[Milton-L] Aristophanes & equality

richard strier rastrier at uchicago.edu
Tue Aug 17 11:26:56 EDT 2010


I want to comment briefly on Tom Luxon's reading of the myth as supporting a 
hierarchy of sexual preferences, with male homosexuality at the top.

I understand how he gets this view, and it is certainly true that other speakers in 
the dialogue hold this view (with lots of caveats about how male-male sexuality 
is properly to be enacted), but I would note that with regard to Aristophanes,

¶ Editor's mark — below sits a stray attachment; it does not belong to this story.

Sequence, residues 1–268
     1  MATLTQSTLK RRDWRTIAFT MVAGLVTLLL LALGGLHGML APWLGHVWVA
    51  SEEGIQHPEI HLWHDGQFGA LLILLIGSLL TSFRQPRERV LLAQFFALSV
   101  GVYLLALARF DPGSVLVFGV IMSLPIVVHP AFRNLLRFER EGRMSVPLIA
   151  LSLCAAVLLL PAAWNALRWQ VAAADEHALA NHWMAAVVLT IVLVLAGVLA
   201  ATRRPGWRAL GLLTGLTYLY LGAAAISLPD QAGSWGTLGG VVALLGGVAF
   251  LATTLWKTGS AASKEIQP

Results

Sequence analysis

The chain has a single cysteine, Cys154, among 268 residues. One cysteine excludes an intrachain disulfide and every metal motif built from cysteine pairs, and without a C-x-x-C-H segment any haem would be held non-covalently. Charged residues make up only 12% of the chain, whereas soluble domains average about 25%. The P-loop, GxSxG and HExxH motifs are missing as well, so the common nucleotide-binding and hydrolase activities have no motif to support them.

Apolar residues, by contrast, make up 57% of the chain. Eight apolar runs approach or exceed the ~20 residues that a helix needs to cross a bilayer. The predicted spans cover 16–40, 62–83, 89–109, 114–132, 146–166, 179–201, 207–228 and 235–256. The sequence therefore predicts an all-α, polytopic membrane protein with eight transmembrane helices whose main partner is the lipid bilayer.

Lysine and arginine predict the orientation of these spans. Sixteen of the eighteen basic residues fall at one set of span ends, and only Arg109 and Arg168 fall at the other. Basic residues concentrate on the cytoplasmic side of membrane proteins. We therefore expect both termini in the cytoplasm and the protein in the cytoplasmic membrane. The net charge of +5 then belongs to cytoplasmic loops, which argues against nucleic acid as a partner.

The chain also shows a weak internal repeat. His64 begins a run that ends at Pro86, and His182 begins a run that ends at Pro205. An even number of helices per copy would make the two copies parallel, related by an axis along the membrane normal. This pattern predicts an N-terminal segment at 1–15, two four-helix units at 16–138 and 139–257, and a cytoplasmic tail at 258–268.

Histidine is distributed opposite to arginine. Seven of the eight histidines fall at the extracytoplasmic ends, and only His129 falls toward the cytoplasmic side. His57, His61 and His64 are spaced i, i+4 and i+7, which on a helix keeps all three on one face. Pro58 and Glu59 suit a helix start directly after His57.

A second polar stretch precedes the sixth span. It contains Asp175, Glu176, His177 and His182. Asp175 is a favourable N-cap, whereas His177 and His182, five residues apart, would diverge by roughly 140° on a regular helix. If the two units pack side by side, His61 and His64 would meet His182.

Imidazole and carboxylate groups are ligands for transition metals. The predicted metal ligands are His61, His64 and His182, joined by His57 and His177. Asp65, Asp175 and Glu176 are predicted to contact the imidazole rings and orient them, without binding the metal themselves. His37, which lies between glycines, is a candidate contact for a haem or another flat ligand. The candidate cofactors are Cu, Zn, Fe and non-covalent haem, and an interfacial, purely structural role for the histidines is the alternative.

Luxon's view is based on commentary on the myth (and commentary which is 
itself tricky).  

I would suggest that the myth itself -- the unforgettable story -- does not 
differentiate between the three types of sexual orientation, and does, indeed, 
see them as on a par with one another.  The emotional and psychological force 
of the myth (story) applies to each group equally, and one's membership (so to 
speak) in one of the groups is seen as both accidental and fateful.

The important point is the difference between the myth itself and the 
commentary on it --even by the teller of the myth.  This puts me in mind of the 
(now) old critical adage:  trust the tale, not the teller.






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